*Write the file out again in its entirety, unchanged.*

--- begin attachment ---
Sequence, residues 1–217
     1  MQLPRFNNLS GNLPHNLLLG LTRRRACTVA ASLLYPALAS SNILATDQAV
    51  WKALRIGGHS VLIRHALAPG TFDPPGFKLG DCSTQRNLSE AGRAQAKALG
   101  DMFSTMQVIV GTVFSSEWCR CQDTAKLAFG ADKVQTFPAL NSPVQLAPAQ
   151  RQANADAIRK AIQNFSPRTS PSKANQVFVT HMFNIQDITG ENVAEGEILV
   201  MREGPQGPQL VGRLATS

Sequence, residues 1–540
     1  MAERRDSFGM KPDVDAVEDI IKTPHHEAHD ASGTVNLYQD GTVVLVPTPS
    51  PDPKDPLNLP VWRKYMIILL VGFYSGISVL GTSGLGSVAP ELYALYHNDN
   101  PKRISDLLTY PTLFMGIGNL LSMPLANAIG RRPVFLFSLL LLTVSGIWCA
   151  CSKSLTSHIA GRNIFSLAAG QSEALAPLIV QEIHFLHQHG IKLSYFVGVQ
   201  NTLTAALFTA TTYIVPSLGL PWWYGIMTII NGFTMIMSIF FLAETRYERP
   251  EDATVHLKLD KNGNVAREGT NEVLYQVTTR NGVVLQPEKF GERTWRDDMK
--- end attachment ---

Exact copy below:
Sequence, residues 1–217
     1  MQLPRFNNLS GNLPHNLLLG LTRRRACTVA ASLLYPALAS SNILATDQAV
    51  WKALRIGGHS VLIRHALAPG TFDPPGFKLG DCSTQRNLSE AGRAQAKALG
   101  DMFSTMQVIV GTVFSSEWCR CQDTAKLAFG ADKVQTFPAL NSPVQLAPAQ
   151  RQANADAIRK AIQNFSPRTS PSKANQVFVT HMFNIQDITG ENVAEGEILV
   201  MREGPQGPQL VGRLATS

Sequence, residues 1–540
     1  MAERRDSFGM KPDVDAVEDI IKTPHHEAHD ASGTVNLYQD GTVVLVPTPS
    51  PDPKDPLNLP VWRKYMIILL VGFYSGISVL GTSGLGSVAP ELYALYHNDN
   101  PKRISDLLTY PTLFMGIGNL LSMPLANAIG RRPVFLFSLL LLTVSGIWCA
   151  CSKSLTSHIA GRNIFSLAAG QSEALAPLIV QEIHFLHQHG IKLSYFVGVQ
   201  NTLTAALFTA TTYIVPSLGL PWWYGIMTII NGFTMIMSIF FLAETRYERP
   251  EDATVHLKLD KNGNVAREGT NEVLYQVTTR NGVVLQPEKF GERTWRDDMK